1. 1. Extracting City Events from Social Streams Pramod Anantharam Kno.e.sis – Ohio Center of Excellence in Knowledge-enabled Computing Wright State University, Dayton, Ohio, USA http://www.ict-citypulse.eu/page/ Collaborator: Dr. Payam Barnaghi Advisors: Prof. Amit Sheth, Prof. Krishnaprasad Thirunarayan Pramod Anantharam, Payam Barnaghi, Krishnaprasad Thirunarayan, and Amit Sheth. 2015. Extracting City Traffic Events from Social Streams. ACM Trans. Intell. Syst. Technol. 6, 4, Article 43 (July 2015), 27 pages. DOI=10.1145/2717317 http://doi.acm.org/10.1145/2717317 http://wiki.knoesis.org/index.php/Citypulse
  2. 2. A Historical Perspective on Cities and its Inhabitants “kings, emperors and other rulers benefited from being on the front lines with their people when it came to making decisions.”1 1http://gicoaches.com/what-we-can-learn-from-kings-of-the-past-who-disguised-themselves-as-ordinary-men/ http://en.wikipedia.org/wiki/Qianlong_Emperor Qianlong Emperor (8 October 1735 – 9 February 1796) Qing Dynasty (1644–1912) Disguised as a commoner, Qianlong visited cities to understand a common man’s life This is popularly known as “Management by Walking Around” since the 1980’s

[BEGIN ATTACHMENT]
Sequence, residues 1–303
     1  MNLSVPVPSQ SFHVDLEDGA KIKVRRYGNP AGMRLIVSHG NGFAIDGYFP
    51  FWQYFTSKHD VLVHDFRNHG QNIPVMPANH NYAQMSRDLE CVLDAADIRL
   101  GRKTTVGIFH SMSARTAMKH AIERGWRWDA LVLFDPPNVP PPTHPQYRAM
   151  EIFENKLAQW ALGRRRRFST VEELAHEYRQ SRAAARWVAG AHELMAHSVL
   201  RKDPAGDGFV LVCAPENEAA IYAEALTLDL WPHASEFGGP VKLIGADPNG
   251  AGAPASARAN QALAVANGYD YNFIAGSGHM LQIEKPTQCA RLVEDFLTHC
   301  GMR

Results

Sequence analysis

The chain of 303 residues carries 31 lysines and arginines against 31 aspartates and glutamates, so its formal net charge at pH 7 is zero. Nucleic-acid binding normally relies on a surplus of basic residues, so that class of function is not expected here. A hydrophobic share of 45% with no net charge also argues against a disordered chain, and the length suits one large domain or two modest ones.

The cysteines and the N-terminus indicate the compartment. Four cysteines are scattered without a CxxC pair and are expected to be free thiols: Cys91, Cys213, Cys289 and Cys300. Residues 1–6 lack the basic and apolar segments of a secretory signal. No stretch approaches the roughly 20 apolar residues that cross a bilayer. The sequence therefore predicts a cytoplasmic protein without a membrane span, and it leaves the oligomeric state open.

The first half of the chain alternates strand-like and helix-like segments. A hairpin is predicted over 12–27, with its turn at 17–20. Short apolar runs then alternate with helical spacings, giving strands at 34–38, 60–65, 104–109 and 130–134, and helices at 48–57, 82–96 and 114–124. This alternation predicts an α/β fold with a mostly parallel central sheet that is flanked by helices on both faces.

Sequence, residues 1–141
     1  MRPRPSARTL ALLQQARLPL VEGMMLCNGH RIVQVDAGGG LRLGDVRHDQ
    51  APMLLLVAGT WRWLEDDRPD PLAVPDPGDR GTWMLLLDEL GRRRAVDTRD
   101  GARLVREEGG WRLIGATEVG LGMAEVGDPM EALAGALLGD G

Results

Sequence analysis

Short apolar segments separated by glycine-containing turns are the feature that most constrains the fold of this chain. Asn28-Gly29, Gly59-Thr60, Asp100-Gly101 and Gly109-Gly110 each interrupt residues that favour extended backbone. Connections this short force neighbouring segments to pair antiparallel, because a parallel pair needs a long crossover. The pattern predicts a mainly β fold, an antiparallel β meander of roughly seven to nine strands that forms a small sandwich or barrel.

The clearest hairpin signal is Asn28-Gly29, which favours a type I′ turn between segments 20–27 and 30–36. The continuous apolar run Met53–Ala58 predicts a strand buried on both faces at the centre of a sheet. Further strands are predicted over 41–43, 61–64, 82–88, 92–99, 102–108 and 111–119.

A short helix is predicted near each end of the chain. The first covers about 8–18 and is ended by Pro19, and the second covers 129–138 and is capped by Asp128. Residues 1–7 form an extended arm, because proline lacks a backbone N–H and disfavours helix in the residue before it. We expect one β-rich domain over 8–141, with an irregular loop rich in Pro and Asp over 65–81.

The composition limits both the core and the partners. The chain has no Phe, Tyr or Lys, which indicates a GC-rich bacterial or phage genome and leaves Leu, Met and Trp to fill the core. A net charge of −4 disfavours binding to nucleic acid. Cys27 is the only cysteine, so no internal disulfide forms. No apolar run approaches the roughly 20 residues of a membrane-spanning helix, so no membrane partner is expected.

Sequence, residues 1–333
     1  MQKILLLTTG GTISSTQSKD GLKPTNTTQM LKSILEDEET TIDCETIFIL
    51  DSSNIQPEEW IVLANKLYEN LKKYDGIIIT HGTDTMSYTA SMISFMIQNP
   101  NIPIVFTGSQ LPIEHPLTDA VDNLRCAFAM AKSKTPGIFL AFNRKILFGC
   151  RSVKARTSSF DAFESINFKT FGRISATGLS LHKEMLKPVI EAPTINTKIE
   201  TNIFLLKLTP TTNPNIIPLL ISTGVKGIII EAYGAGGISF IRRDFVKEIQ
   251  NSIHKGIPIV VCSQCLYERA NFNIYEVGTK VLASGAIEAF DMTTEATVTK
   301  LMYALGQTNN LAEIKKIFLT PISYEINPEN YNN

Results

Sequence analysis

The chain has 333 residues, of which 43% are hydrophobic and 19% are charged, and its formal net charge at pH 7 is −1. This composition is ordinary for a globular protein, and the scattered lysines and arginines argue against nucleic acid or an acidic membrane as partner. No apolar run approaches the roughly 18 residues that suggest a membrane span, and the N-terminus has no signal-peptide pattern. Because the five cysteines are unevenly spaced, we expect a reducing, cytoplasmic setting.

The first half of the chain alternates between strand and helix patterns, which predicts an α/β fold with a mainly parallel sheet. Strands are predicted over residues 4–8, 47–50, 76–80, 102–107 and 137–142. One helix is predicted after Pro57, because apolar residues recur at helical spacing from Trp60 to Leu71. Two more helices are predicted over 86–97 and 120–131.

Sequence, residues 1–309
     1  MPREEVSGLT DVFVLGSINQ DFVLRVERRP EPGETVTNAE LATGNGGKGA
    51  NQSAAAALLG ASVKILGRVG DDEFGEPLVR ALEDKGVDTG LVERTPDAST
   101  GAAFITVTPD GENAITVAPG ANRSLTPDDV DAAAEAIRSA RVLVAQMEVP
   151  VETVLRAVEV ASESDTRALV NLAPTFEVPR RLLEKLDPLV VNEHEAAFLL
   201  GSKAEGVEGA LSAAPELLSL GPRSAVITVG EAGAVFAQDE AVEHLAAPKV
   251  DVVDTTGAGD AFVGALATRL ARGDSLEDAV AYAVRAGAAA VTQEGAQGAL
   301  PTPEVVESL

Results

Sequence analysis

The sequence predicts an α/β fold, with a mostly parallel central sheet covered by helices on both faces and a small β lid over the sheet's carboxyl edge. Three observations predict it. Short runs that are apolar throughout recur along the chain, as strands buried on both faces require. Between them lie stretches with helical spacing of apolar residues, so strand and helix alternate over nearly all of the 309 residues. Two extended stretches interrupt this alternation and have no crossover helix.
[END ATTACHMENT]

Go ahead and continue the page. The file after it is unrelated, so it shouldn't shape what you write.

3. 3. A Modern Perspective on Cities and its Inhabitants City authorities, government and other humanitarian agencies are benefited from being on the front lines with their people when it comes to making decisions. We want to be connected to citizens to understand and prioritize decisions
  4. 4. Image credit: http://www-03.ibm.com/software/products/us/en/intelligent-operations-center Image credit: http://www.ibm.com/smarterplanet/us/en/smarter_cities/overview/index.html Life in a City
  5. 5. Image credit: http://www.ibm.com/smarterplanet/us/en/smarter_cities/overview/index.html Public Safety Urban planning Gov. & agency admin. Energy & water Environmental Transportation Social Programs Healthcare Education Pulse of a City (CityPulse)